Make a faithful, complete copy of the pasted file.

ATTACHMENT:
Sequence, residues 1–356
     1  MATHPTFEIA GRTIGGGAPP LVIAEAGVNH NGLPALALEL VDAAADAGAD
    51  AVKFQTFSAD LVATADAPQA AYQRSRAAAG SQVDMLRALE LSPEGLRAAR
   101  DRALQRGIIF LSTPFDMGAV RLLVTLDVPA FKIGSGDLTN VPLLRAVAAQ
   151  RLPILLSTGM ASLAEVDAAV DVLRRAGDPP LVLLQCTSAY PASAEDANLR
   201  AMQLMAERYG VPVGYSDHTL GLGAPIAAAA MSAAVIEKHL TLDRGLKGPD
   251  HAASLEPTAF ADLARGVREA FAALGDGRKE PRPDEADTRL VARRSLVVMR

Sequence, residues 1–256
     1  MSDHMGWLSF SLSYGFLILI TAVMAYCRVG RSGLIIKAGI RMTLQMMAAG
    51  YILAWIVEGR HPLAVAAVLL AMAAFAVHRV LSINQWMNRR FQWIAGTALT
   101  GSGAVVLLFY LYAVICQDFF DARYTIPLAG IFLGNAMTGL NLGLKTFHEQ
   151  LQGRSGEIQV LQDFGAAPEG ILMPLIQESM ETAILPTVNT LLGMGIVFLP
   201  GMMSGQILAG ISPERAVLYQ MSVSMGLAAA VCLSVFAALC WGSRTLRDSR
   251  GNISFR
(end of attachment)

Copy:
Sequence, residues 1–356
     1  MATHPTFEIA GRTIGGGAPP LVIAEAGVNH NGLPALALEL VDAAADAGAD
    51  AVKFQTFSAD LVATADAPQA AYQRSRAAAG SQVDMLRALE LSPEGLRAAR
   101  DRALQRGIIF LSTPFDMGAV RLLVTLDVPA FKIGSGDLTN VPLLRAVAAQ
   151  RLPILLSTGM ASLAEVDAAV DVLRRAGDPP LVLLQCTSAY PASAEDANLR
   201  AMQLMAERYG VPVGYSDHTL GLGAPIAAAA MSAAVIEKHL TLDRGLKGPD
   251  HAASLEPTAF ADLARGVREA FAALGDGRKE PRPDEADTRL VARRSLVVMR

Sequence, residues 1–256
     1  MSDHMGWLSF SLSYGFLILI TAVMAYCRVG RSGLIIKAGI RMTLQMMAAG
    51  YILAWIVEGR HPLAVAAVLL AMAAFAVHRV LSINQWMNRR FQWIAGTALT
   101  GSGAVVLLFY LYAVICQDFF DARYTIPLAG IFLGNAMTGL NLGLKTFHEQ
   151  LQGRSGEIQV LQDFGAAPEG ILMPLIQESM ETAILPTVNT LLGMGIVFLP
   201  GMMSGQILAG ISPERAVLYQ MSVSMGLAAA VCLSVFAALC WGSRTLRDSR
   251  GNISFR